Fans of the popular Glastonbury Festival, a yearly celebration of music in England, have asked organizers to replace Kanye West as the lead act.
Pilton, England – Kanye West has rubbed a few people the wrong way in the last decade. From taking the thunder out of Taylor Swift’s MTV Music Awards win to going on a political diatribe during a program meant to raise funds to help the victims of Hurricane Katrina, the “Yeezus” performer has a knack for tasting his own heel.
It should come as no surprise that some fans are protesting his appearance at the popular Glastonbury Festival, a five-day event held yearly in Pilton, Somerset, England.
“Kanye West is an insult to music fans all over the world,” said Neil Lonsdale, a regular attendee who described the rapper as an “egotistical, maniacal, disgrace.”
Lonsdale has begun to circulate a petition requesting the people in charge of the festival politely ask West to stay on the other side of the pond.
According to Michael Eavis, the yearly event’s organizer, such a request is easier said than done. “We’ve got contracts in place, yeah? Can’t very well go and break the contract, especially as it’s too late to book anyone else.”
In fact, the only other confirmed main-stage acts thus far are Lionel Richie and Foo Fighters, neither of which have the clout to be a Glastonbury headliner, not with names like Kings of Leon, Blur, Arctic Monkeys, and Basement Jaxx filling out the slot in recent years. Finding a replacement with such a wide appeal would be difficult this close to the festival date.
Eavis’s concerns, however, are met in the petition started by Lonsdale, which asks the organizer to “replace Kanye West with a trio of mannequins and an iPod playing a selection of metal and alternative rock hits from the 80s and 90s.”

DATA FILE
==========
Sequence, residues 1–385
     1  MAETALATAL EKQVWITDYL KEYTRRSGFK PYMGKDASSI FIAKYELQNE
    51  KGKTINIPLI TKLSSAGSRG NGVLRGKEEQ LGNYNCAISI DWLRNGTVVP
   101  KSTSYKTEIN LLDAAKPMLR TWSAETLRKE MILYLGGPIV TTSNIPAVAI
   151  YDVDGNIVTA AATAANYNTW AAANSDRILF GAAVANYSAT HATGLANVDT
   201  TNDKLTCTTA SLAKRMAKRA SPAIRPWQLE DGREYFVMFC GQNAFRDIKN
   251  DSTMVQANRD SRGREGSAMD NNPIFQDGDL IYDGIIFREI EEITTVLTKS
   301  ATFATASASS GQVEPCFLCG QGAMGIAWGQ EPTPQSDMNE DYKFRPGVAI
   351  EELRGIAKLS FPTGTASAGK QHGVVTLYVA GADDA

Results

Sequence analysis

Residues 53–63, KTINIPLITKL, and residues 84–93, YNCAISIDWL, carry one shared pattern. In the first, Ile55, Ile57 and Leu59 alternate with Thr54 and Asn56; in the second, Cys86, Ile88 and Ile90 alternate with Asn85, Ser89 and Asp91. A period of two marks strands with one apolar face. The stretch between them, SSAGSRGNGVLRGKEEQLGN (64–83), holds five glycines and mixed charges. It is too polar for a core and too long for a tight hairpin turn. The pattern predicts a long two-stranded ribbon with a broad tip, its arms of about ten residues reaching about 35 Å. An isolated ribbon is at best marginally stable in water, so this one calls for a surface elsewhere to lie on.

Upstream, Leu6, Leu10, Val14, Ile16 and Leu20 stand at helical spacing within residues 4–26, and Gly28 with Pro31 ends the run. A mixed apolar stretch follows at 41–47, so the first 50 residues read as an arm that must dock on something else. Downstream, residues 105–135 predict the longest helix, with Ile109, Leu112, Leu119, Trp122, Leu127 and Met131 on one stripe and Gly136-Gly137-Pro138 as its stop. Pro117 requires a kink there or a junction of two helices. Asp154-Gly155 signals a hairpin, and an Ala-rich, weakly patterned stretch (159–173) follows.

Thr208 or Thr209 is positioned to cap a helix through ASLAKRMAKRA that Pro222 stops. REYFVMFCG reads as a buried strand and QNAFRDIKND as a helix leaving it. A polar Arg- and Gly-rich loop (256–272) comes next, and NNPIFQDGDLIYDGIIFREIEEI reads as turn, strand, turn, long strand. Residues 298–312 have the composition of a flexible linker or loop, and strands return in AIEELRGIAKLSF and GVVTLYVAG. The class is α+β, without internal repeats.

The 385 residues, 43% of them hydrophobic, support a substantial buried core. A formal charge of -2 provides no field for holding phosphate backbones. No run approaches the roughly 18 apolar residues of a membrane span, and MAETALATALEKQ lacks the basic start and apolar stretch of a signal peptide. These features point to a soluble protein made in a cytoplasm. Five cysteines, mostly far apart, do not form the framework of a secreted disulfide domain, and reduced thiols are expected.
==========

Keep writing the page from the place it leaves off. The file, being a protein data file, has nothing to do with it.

“We spend hundreds of pounds to attend glasto,” the petitioner claimed, “and by doing so, expect a certain level of entertainment.”
In his view, the trio of store dummies and an MP3 player can provide a similar level of entertainment without the racial remarks and conspiracy theories lacing West’s music. Kanye, Lonsdale believes, is too controversial for the Woodstockesque Glastonbury. “I think a lot of people want to go to a festival, stand in a field, all come together, have a sing have a dance. And I think that Kanye and his music might not be that.”
Lonsdale has even offered to provide the mannequins, a trio of which can be borrowed from a department store in Norfolk several other petition signers are employed. “And I’m bloody sure someone will bring an iPod we can plug in to the sound system.”
This won’t be the first time the three dummies have headlined a concert, claims the store’s manager, Jubal Murphy. Last summer the trio’s immobile band, named Kin o’ Man, toured southern England, playing numerous small local festivals. “They play anything you can load into an iPod,” Murphy said. “Except opera. The guys just don’t have the vocal range.”
Apparently Lonsdale isn’t the only music fan who feels this way about the American rap artist. Within days the petition had gathered over 80,000 signatures, though it’s unclear how many of those actually belong to mannequins.
Eavis and other members of the festival’s management have yet to respond to the petition.